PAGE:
The gut is a brilliant, natural masterpiece in our body that it consumes, absorbs, and evolves the foods we feed it into different acids, compounds, and nutrient application.
Recent studies and research have attempted to identify the values or downfalls of a vegetarian diet, versus partial carnivorous diet, versus a completely (or dominant) carnivorous diet. In efforts to gauge the development of bacteria, and how our gut or “machine” breaks down and utilizes these compounds it’s important to appreciate that different foods or supplements will have different effects on our bodies. For example, a fruit and vegetable-heavy diet proved to initiate a desirable amount of healthy bacteria’s within the gut that would later fight off bad bacteria, illnesses, and diseases. This research was conducted through the usage of blood and urine analysis, by the University of Naples Federico II in Italy by Danilo Ercolini. This testing revealed that short-term fatty acids as well as trimethylamine oxide developed in the gut dependent upon compliance with a vegan, vegetarian, carnivore, or mixed-like diet. In regards to food consumption and healthy living, it’s important to point out that too much meat-consumption can cause an increase in trimethylamine oxide which can later cause heart disease or otherwise prove to be toxic to the system. Likewise, short-term fatty acids can also cause issues within the body barring excessive consumption or unnecessary combinations of the aforementioned foods. That is, since our bodies require a certain amount of all types of nutrients daily, not just one from a specific food group such as meats or vegetables.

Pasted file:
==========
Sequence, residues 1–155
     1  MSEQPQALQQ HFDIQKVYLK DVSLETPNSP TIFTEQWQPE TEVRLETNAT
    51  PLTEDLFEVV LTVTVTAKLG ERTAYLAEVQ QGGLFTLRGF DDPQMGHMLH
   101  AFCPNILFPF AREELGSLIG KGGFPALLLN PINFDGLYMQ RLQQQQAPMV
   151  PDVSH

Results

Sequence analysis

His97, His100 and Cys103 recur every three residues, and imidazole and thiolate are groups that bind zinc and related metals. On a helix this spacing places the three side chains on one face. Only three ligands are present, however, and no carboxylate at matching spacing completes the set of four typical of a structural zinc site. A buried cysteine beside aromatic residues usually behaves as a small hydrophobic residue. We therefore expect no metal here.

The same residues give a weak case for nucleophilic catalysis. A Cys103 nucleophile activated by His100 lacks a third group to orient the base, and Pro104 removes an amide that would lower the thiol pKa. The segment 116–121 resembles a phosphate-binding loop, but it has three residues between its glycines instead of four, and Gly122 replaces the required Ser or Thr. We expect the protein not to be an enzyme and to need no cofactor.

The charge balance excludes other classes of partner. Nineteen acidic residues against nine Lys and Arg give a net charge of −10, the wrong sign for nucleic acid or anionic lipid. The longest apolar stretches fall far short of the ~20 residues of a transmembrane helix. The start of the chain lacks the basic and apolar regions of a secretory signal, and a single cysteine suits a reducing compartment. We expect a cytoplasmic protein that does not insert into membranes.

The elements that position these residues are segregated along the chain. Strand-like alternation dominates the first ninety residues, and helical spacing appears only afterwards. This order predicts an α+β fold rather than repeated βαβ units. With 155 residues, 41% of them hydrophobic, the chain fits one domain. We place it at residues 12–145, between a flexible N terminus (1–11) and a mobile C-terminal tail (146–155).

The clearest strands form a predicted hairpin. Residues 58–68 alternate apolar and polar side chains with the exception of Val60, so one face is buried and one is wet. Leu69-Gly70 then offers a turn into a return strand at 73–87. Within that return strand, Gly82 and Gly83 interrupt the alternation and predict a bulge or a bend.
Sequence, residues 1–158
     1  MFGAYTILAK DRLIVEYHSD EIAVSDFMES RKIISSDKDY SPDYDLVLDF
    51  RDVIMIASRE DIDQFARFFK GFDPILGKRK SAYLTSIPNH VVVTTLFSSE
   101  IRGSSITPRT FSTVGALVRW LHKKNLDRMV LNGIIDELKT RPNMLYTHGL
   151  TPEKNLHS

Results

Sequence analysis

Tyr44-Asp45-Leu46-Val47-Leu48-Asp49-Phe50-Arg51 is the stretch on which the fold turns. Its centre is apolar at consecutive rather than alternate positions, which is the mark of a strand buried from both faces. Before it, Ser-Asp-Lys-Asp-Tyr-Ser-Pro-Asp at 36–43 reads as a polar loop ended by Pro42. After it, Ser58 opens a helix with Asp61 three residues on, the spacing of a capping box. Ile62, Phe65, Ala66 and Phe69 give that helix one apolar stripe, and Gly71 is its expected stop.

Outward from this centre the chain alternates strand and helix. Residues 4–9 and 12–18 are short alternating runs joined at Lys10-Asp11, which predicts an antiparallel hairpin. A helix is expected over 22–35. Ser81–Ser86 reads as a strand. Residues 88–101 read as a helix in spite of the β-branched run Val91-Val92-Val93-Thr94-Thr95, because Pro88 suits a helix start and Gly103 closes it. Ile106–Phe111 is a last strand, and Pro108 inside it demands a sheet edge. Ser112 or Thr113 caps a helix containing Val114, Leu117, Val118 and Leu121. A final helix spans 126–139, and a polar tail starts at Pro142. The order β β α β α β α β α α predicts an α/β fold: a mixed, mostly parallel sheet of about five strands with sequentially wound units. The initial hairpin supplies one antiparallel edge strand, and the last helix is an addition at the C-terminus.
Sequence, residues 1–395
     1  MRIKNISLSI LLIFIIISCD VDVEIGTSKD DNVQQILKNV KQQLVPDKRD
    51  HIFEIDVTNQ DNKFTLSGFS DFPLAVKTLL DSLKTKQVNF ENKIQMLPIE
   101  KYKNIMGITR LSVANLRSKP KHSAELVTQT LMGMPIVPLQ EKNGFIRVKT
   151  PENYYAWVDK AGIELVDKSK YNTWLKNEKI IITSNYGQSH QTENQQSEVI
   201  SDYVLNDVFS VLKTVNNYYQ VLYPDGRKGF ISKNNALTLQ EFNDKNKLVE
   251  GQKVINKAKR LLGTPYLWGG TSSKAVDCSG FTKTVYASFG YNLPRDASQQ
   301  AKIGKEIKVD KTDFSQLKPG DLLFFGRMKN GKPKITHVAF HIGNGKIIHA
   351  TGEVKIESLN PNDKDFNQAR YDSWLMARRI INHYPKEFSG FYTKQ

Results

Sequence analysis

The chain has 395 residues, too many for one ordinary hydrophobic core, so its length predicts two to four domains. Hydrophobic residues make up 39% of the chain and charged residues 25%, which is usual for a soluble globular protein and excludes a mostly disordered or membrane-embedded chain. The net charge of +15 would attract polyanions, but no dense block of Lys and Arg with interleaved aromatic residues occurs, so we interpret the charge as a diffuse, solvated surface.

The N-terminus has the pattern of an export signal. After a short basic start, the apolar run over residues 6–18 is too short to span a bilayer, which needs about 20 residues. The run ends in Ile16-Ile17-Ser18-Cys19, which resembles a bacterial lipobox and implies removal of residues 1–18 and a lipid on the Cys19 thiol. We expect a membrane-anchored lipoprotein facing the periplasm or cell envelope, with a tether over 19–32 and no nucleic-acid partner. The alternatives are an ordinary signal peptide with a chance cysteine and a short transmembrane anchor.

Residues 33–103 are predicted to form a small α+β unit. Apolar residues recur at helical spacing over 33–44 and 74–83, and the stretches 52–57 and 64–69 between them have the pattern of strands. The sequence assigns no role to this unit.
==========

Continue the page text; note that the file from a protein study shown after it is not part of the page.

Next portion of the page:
This research and recent experiments collectively demonstrate that in proportion anything can be harmful, or even the complete opposite to the body dependent upon varying factors, the individual, and the value or quality of said foods. However, in excess, or at the cost of depletion of other much-needed nutrients or foods that any ‘one’ of something within a diet can also prove to be detrimental to our health–and even sometimes, as mentioned above, fatal.
Dr. James Lewis, a gastroenterologist and professor of medicine at the University of Pennsylvania pointed out on a side-note that because our gut is like a machine, it relies on us to make the best food and diet based choices so that it might create and utilize bacteria’s and rejuvenate organisms within our bodies to properly maintain itself. Dr. Lewis also stated that it’s probable that the gut bacteria in our stomachache’s are what cause these changes in of itself, rather than the foods or nutrients we directly consume. In other words, while a diet can have a strong influence on the ways in which your body metabolizes and protects itself, it is not necessarily a direct factor that immediately effects your health or ability to maintain a healthy living. Rather, other variables such as sleep or rest, exercise, stress, and even environment should be taken into account for the changes in our bodies and our overall health.
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